POWERS — In an effort to crack down on illegal drug activity and increase patrols, Powers Police Chief Robert Baker is launching a new K9 program.
Working with a limited budget, Baker has called on a number of community members and surrounding organizations to help him get the program off the ground.
Powers Police Department's K9 unit Bruin shows off Thursday for students of Powers Elementary School at City Hall. The 5-month Belgian Malinoi…
“The program right now is being completely funded through donations, grants and myself,” said Baker. “A few months ago, I found a Belgian Malinois and purchased it out of my own pocket because our city needs it.”
According to Baker, depending on how much funds become available, he is hoping to get 5-month-old Bruin trained and certified in about a year and a half.
“He is very young and smart," he said. “I would like to get (him) dual-certified which I understand will be a difficult thing to do, but it’ll be worth it.”
Currently, Baker is working with Eugene-based trainer Ken Schilling, of Schilling’s Northwest Law Dogs, on developing a training program specifically catered to Bruin. One of his goals for the program he said is to have Bruin certified in both patrol and narcotics detection.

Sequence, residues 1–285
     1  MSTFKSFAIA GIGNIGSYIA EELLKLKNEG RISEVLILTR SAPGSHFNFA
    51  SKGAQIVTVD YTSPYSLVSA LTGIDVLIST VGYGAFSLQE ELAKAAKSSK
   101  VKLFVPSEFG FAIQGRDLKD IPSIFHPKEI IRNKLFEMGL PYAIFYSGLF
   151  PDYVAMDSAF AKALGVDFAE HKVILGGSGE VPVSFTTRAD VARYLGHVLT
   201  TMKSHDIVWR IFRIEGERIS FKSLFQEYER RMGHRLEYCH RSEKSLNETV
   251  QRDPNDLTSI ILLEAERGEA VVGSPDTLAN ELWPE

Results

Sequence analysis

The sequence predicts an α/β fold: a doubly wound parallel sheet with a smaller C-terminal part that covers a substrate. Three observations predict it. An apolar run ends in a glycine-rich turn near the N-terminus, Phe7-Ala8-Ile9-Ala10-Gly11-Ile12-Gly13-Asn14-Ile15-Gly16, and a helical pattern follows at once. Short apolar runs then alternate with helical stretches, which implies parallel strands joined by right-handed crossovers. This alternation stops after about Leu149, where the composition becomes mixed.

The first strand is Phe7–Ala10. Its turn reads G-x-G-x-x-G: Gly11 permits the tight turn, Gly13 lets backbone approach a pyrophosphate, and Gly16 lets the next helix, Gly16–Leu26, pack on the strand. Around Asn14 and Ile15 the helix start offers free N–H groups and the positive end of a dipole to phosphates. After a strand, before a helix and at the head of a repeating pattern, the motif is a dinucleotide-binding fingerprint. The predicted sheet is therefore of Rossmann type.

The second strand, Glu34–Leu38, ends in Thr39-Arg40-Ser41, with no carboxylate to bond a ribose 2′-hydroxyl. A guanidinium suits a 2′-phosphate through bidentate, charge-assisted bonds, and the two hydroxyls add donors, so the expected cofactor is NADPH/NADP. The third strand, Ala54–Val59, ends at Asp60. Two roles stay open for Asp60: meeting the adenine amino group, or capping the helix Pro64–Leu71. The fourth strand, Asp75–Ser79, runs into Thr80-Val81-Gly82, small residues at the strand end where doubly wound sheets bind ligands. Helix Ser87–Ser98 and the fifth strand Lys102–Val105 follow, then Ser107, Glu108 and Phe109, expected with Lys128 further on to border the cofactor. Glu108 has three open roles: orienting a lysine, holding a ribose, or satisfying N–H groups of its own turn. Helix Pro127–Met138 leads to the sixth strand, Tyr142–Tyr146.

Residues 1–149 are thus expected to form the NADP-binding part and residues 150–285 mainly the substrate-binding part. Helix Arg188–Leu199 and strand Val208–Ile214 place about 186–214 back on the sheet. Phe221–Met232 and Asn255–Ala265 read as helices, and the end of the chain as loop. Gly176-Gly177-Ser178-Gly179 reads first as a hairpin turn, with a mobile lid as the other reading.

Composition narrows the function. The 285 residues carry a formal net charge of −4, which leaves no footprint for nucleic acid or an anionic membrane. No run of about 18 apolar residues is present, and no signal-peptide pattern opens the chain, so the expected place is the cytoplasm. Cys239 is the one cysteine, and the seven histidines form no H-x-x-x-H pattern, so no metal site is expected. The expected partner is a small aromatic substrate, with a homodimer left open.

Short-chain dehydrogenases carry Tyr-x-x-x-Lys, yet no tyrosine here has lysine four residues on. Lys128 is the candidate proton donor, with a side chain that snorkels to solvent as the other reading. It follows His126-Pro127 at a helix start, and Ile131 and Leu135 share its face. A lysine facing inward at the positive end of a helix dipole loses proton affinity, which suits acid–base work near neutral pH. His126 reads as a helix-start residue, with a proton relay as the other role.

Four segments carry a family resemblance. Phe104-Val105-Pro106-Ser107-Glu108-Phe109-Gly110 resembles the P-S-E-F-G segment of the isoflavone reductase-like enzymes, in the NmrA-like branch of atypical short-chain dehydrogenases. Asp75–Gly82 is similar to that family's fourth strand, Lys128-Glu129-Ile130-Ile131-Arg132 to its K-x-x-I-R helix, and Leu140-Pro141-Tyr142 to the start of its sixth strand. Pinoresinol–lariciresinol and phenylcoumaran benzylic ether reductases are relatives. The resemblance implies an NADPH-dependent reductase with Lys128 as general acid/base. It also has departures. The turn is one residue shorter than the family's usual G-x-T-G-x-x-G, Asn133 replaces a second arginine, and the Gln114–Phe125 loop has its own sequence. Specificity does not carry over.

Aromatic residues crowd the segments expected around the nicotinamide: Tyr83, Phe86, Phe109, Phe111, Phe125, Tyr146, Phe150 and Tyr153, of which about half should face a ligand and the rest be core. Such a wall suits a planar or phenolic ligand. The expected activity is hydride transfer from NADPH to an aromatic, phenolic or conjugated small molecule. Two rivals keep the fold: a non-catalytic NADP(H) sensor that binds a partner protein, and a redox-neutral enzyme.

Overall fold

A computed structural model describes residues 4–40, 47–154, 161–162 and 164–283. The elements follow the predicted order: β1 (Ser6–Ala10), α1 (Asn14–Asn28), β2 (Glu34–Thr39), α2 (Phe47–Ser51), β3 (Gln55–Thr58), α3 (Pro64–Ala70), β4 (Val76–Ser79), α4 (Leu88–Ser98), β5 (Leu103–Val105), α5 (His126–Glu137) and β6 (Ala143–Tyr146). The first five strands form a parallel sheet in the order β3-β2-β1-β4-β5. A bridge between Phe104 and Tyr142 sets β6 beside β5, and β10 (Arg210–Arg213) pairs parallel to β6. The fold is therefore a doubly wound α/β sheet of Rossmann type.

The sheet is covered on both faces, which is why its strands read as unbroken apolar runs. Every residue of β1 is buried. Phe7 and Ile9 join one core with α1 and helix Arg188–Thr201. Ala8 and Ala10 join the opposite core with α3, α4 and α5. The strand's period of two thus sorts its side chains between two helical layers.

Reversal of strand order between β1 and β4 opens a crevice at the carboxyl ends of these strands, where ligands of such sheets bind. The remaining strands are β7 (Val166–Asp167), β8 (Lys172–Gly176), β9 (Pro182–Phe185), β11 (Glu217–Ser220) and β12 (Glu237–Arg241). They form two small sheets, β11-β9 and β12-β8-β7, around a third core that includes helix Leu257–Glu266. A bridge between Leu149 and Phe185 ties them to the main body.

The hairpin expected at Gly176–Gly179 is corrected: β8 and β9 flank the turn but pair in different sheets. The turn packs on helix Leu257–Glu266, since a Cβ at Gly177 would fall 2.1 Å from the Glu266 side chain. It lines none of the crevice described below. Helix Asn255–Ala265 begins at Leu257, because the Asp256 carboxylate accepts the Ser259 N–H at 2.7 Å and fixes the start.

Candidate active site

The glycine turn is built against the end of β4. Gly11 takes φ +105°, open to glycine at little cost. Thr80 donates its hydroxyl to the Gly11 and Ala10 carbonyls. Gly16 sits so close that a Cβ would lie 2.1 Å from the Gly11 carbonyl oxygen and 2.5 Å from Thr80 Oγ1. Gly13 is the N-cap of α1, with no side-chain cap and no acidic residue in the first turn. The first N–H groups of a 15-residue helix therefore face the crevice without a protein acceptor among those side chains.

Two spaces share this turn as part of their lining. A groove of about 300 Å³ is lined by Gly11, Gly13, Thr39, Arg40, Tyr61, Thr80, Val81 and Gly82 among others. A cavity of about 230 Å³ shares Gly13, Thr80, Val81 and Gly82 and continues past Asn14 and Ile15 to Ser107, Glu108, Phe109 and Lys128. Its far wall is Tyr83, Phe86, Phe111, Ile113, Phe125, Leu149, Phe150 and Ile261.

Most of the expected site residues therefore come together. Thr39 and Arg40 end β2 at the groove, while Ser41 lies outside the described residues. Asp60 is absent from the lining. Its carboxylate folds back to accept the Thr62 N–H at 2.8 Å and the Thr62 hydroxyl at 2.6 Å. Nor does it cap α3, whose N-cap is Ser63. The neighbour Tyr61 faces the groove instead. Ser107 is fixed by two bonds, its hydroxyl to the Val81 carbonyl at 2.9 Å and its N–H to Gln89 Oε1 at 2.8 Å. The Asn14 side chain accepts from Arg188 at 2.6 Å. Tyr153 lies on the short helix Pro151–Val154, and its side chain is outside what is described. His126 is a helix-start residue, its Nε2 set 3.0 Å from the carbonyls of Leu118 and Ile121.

The costs for training and equipment can become costly with estimates for K9 programs being in the tens of thousands. In addition to training for Bruin, Baker will also have to take classes to become a certified handler.
“Going forward I know traveling, training and the certifications are going to be my biggest expenses,” said Baker.
So far, Baker said he has received donations from numerous Powers residents and neighboring law enforcement agencies including the Coos County Sheriff’s Office, which donated a transportation kennel for the department’s K9 unit vehicle.
Police Chief Robert Baker introduces a group of Powers Elementary School students to his police dog in training Friday morning outside Powers …
“Once we get certified I know we’re going to be a big asset to the community and the south end of the county,” said Baker. “I’ve always wanted to work with dogs and this is a great opportunity to do that, increase safety and invest back into our city.”
For more information on the K9 program or interested in making a donation, Baker said people can call his office at 541-439-2411 or email him at Robert.firstname.lastname@example.org.